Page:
Mistaken (novel)

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Mistaken
MistakenNovel.jpg
First edition
Author Neil Jordan
Cover artist Jeanne Conte
Country United Kingdom
Language English
Publisher John Murray
Publication date
6 January 2011
Media type Print (Hardback)
Pages 320 pp
ISBN 1-84854-418-9

Mistaken is a novel by the Irish novelist and filmmaker Neil Jordan published in 2011[1] by John Murray in the UK and Soft Skull Press in the US.[2] It won both the Irish Book Award and Kerry Group Irish Fiction Award.[3]

Plot introduction[edit]

The novel is told from the viewpoint of Kevin Thunder who grows up in 1960s Dublin, next door to Bram Stoker's house. Kevin has an elusive double, Gerald for whom he is often mistaken. Gerald lives in the more refined Palmerston Park and attends Belvedere College. The narrative begins at Gerald's funeral where Kevin meets Gerald's daughter Emily. The remainder of the novel takes the form of an explanation written for Emily on how his life and that of her father intertwined over the years, including the explanation later in the book that they were twins separated shortly after birth...

Reception[edit]

  • Patrick McGrath in The Guardian praises Jordans depiction of Dublin characters and places, particularly Kevin's parents "These familial scenes are deftly, warmly done, and here the novel breathes with life" but he is less impressed by the more gothic aspects of the story "The problem with Mistaken is a doom-laden cloud of insinuation that hovers over the story and saps its vitality... In terms of its manipulation of gothic tropes, Mistaken fails to arouse the deep unease and sudden, horrified recognition we require of the genre" he concludes "There's a good slim Dublin novel trying to claw its way out of this book. The pages often feel clogged. Effects are strained after rather than happened upon. The best energies of the novel are smothered by gothic innuendo, where clarity and brevity would have served it better'.[4]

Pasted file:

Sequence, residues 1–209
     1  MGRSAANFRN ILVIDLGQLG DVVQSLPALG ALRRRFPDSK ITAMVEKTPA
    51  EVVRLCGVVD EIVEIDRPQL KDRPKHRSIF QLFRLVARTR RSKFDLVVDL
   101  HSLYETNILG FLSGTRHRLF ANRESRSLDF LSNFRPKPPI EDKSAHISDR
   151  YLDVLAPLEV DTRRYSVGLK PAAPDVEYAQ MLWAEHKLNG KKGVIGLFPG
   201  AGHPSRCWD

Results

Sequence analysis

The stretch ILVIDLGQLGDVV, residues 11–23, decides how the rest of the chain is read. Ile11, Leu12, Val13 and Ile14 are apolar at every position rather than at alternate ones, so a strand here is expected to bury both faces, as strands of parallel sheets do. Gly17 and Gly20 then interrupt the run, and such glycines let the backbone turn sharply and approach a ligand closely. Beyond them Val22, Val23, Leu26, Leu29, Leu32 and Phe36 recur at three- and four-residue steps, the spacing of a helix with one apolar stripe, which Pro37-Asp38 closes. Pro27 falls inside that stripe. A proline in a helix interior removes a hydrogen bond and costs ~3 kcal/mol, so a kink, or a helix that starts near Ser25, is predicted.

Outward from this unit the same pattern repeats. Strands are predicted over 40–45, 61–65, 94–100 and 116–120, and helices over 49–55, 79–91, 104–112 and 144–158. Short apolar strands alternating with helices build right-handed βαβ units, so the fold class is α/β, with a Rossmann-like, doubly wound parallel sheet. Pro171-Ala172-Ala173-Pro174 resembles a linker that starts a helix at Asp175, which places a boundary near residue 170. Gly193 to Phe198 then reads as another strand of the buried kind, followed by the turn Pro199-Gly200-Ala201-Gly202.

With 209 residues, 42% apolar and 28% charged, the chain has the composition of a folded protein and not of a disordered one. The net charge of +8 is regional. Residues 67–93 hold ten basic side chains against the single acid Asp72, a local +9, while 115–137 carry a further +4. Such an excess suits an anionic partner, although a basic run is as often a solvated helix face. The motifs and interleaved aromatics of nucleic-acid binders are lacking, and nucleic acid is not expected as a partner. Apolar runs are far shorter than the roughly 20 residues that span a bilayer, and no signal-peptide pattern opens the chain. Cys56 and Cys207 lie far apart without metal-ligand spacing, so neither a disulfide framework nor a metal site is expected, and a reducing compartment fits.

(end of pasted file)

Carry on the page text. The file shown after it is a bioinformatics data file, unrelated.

• Caryn James of The New York Times however praises these same gothic elements: "Vampires, secrets, the mysteries of identity: the obsessions that run through the director Neil Jordan’s films are at the center of his beautifully enigmatic fifth novel...it is the vampire next door whose menacing presence runs most powerfully through the novel". Her only criticisms relate to the ending, "Most of this book is so good, so shimmering with mysteries, that it’s a disappointment when the explanations tumble in. The question of Kevin’s identity is resolved in a banal, practical way, and what happens during his shattering trip to New York seems too lurid and over-the-top for a novel that holds such subtleties. If this were a movie, you might guess that some producer had pressured Jordan to add more drama and a neat clarification — an odd idea, because Jordan's films never underestimate the audience. And almost to the end neither does Mistaken, which shines with a darkly luminous glow".[5]
  • The Irish Independent is full of praise, concluding "This is the best novel I've read about Dublin in many years -- beautifully written, funny and touching in its remembered details and haunting in its suggestiveness about who we are, might have been or might yet be as we make our befuddled yet hopeful way through life."[6]
  • The Scotsman is also very positive, "Two things make this tale a stand-out read: First, Jordan's restraint; he avoids a plot in which Kevin or Gerald commits a crime, and for which the other will take the punishment (we come close in a scene in New York, when, Kevin, playing the part of Gerald, partakes in a death) which would have skewed the dramatic landscape. The other coup is the novel's structure - it is essentially an intimate revelation, by Kevin to Emily, Gerald's daughter, after the two have become acquainted at Gerald's graveside in the story's opening gambit. Emily learns about the dead father's other life while discovering new and deep affinity with a man she scarcely knows yet has known forever. How they are linked - by more than mere words - is eventually told. The ploy gives the novel perspective, and the words evolve into a spell that makes the story unputdownable."[7]

Publication history[edit]

[2]

References[edit]

External links[edit]